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May the source be with you, but remember the KISS principle ;-)
Bigger doesn't imply better. Bigger often is a sign of obesity, of lost control, of overcomplexity, of cancerous cells
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It's important to ensure that your system files are not open for casual editing by users and groups who are not eligible to modify them. Unix separates access control on files and directories according to three characteristics: owner, group, and other. There is always exactly one owner, any number of members of the group, and everyone else.
Default filesystem for Red Hat (ext3) supports ACL with stock 2.6 kernel. Default filesystem for Suse 9 and 10(riesner) support only standard Unix file permissions.
There are several issue in file permission hardening
@users hard core 0 @users hard nproc 50 @users hard rss 5000
This says to prohibit the creation of core files, restrict the number of processes to 50, and restrict memory usage per user to 5M.
You can also use the /etc/login.defs configuration file to set the same limits.
Find all SUID/SGID programs on your system, and keep track of what they are, so you are aware of any changes which could indicate a potential intruder. Use the following command to find all SUID/SGID programs on your system. You can remove the SUID or SGID permissions on a suspicious program with chmod, then restore them back if you absolutely feel it is necessary.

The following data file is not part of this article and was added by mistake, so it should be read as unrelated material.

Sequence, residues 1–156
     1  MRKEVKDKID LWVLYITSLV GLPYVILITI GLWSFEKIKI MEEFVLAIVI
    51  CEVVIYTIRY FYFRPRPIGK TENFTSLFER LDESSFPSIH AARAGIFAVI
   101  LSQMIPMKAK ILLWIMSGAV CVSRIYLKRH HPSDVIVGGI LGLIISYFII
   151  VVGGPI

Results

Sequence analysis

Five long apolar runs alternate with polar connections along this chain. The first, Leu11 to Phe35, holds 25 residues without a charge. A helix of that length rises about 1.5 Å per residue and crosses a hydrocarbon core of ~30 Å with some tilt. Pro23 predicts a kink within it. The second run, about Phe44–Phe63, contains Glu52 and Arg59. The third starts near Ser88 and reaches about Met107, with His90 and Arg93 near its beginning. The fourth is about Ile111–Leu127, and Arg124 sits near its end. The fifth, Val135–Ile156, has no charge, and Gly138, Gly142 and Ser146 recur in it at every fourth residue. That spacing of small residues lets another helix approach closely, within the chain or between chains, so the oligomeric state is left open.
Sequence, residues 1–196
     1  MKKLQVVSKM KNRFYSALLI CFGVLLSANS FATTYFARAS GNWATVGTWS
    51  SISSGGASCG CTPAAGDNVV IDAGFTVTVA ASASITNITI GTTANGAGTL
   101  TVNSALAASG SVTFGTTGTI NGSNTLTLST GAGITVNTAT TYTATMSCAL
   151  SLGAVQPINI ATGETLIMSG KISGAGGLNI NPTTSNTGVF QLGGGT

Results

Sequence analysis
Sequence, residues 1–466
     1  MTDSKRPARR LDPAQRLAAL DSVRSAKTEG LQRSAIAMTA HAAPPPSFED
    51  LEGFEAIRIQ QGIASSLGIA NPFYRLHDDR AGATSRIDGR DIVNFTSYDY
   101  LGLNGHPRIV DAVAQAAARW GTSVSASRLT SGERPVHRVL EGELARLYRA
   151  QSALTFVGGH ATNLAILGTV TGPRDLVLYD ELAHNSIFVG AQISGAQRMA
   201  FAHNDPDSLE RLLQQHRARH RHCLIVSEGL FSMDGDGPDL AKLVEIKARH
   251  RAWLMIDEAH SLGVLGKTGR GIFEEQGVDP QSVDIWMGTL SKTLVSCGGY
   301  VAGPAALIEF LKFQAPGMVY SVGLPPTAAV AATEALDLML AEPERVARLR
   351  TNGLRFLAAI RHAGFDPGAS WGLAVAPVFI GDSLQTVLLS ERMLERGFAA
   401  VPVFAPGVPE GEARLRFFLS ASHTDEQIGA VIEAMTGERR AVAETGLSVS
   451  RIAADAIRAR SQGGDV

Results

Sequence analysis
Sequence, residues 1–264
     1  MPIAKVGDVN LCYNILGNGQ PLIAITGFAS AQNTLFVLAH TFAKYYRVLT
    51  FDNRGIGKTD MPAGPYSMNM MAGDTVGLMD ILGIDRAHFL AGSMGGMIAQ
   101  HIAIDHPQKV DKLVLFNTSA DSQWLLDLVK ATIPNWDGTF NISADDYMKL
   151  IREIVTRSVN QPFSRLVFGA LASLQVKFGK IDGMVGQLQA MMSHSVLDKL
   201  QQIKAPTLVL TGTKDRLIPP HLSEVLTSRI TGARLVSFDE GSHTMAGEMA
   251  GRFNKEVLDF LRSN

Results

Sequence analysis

root# find / -perm -2 ! -type l -lsand be sure you know why those files are writable. In the normal course of operation, several files will be world-writable, including some from /dev, and symbolic links, thus the ! -type l which excludes these from the previous find command.
root# find / \( -nouser -o -nogroup \) -print
find /home -name .rhosts -print
# Set the user's default umask umask 033Be sure to make root's umask 077, which will disable read, write, and execute permission for other users, unless explicitly changed using chmod. In this case, newly-created directories would have 744 permissions, obtained by subtracting 033 from 777. Newly-created files using the 033 umask would have permissions of 644.
If you are using Red Hat, and adhere to their user and group ID creation scheme (User Private Groups), it is only necessary to use 002 for a umask. This is due to the fact that the default configuration is one user per group.
It's important to ensure that your system files are not open for casual editing by users and groups who shouldn't be doing that. See World writable files problem
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